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I would like to know if anyone out there knows of any free software, or software not as expensive as Adobe After Effects, that can do Difference Matte Keying? I have searched the web a little and have not come up with any promising results. Note: Chroma Keying is not an option. I am on a Windows 7 computer.

Thank you in advance for your time, and possible help.

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Blender, which is free and open-source, can do difference matte keying.

I don't know if it's better or worse than After Effects' keyer because I haven't used it before.

Difference matte keying with Blender's node-based compositor.

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  • Thanks. I've used Blender alot, but never thought about that. Your's is my favorite answer so far. Commented Jul 4, 2012 at 17:00
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Seems like Cinelerra can. Haven't checked how well it works though, I've been wanting to install it for quite some time but never got around to doing it yet.

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  • You don't have to convert your computer, it's no problem to install a Linux parallel to Windows (assuming that's what you're using now). Do it, it's worth the effort! — Cinelerra might even run under Windows with Cygwin, though getting that to work tends to be rather difficult. — I don't mind if you don't accept this answer, but you should add something about the operating system to the question body, especially since you write "free software" there, which at least to me suggests a preference for Linux. Commented Jun 30, 2012 at 22:22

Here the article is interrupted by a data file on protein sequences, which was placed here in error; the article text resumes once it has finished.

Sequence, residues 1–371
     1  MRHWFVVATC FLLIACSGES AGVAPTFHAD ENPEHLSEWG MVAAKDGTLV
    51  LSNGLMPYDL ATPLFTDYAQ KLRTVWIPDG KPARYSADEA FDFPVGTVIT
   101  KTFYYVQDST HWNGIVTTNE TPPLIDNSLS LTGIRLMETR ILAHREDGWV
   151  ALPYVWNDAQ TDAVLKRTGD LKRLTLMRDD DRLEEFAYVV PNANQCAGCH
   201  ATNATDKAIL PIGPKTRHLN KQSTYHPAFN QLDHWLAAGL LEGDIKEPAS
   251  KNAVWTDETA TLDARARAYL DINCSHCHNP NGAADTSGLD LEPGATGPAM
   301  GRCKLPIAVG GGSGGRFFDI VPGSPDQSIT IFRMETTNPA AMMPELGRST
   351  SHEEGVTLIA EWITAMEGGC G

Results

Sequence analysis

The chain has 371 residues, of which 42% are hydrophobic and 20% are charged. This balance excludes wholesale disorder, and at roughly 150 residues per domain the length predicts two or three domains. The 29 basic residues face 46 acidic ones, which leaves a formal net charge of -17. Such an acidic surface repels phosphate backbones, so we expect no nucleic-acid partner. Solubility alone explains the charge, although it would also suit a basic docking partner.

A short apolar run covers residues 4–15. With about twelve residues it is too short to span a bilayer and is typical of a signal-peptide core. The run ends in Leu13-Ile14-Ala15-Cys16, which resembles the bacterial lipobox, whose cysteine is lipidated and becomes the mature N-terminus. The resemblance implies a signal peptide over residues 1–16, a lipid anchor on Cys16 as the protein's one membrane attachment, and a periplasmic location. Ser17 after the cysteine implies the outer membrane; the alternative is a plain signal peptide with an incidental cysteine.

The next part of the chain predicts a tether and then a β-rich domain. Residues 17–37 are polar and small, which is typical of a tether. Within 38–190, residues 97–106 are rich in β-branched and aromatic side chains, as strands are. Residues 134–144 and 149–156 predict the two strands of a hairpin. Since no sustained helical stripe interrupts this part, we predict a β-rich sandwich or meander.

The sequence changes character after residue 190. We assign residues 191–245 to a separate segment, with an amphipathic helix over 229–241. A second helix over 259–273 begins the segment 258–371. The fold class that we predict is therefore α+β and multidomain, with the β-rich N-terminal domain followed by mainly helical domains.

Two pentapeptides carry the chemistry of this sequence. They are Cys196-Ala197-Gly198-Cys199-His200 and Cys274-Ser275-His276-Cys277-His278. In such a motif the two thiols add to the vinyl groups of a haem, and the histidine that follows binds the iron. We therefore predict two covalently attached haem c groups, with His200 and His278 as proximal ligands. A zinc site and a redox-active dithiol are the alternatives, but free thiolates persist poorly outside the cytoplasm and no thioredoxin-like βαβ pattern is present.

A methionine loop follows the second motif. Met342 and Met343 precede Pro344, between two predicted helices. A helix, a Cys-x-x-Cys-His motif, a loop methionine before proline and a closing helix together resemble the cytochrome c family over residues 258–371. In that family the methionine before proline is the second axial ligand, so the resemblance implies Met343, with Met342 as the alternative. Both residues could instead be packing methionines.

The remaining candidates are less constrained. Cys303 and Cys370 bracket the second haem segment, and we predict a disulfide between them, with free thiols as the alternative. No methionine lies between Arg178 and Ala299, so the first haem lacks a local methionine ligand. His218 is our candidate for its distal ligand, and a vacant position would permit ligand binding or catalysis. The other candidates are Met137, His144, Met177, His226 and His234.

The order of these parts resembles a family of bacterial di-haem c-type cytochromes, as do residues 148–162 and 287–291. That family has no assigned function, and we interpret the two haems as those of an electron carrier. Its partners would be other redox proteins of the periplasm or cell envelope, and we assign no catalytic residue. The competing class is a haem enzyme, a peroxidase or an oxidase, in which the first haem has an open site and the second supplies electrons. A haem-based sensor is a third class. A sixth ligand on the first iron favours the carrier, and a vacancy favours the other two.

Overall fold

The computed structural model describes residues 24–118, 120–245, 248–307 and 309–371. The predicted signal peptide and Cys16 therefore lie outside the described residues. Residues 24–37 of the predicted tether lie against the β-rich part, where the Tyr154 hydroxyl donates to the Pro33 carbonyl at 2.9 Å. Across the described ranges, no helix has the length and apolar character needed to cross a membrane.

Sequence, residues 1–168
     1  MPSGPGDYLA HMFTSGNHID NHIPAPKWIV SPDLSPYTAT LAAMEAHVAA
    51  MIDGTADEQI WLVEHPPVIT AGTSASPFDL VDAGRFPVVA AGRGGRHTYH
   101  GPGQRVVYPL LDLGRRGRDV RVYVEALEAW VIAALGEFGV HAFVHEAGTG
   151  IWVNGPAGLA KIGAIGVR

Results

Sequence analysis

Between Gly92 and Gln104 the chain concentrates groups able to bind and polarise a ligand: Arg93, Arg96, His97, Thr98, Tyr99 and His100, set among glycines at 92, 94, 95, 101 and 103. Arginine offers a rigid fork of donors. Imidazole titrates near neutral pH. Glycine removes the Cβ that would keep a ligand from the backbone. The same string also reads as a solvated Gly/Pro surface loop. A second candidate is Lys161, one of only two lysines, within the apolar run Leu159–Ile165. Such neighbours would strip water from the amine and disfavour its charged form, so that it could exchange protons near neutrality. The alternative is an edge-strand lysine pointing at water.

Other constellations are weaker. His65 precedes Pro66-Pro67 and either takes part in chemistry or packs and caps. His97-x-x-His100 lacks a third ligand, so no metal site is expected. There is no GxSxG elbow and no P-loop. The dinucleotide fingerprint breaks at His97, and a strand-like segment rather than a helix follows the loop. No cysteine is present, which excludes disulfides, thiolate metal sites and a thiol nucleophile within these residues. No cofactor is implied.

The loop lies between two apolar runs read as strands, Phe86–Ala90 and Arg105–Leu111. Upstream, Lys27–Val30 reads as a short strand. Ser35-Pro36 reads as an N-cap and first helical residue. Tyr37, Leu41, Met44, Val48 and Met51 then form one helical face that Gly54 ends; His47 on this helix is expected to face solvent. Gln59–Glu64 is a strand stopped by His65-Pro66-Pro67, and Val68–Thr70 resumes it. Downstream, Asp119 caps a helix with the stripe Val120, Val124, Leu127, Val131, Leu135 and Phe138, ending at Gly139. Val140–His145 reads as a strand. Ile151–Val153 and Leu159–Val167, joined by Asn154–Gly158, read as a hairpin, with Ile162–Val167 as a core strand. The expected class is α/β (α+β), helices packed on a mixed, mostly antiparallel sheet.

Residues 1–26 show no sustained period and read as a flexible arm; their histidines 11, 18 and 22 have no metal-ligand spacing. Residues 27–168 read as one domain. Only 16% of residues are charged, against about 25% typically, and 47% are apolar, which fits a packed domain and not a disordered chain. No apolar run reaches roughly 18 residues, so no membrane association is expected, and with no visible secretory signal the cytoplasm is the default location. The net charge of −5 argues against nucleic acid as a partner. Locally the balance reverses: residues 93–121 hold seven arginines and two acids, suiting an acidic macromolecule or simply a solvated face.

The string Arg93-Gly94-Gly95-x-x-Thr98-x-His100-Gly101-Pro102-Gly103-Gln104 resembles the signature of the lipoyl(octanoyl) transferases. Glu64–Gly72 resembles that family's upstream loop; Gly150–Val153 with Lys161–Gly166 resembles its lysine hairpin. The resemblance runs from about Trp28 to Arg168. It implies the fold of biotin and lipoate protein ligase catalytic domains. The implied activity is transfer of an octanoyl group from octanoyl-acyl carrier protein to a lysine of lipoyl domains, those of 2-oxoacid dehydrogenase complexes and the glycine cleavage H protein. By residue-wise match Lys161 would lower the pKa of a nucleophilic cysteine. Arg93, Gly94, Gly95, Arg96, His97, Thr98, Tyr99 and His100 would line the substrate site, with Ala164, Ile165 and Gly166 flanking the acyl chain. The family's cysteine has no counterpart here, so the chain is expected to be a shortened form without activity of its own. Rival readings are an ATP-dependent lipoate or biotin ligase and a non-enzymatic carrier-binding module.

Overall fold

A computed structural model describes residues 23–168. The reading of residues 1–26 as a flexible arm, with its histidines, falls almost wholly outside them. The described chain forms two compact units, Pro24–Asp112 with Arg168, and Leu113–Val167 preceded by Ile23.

• Ah, sorry about not mentioning the OS. I am on windows (7). And the converting my computer was somewhat of a joke. :D Commented Jul 1, 2012 at 0:18
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Check the blend modes of your video tracks. Almost any actual editing and compositing software, has blend modes for "Difference". So i'm nearly sure, you don't need a separate software.

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  • Yes, but that's not the same thing. Difference blending just combines two images, while difference matte uses one image to create a mask for another one through which it can then be combined with a third image. Commented Jul 2, 2012 at 16:19
  • Sure, but create your difference-blend node (assuming a node-based compositor), feed it into a keyer, and there you are, a difference keyer. Commented Jan 4, 2022 at 13:53

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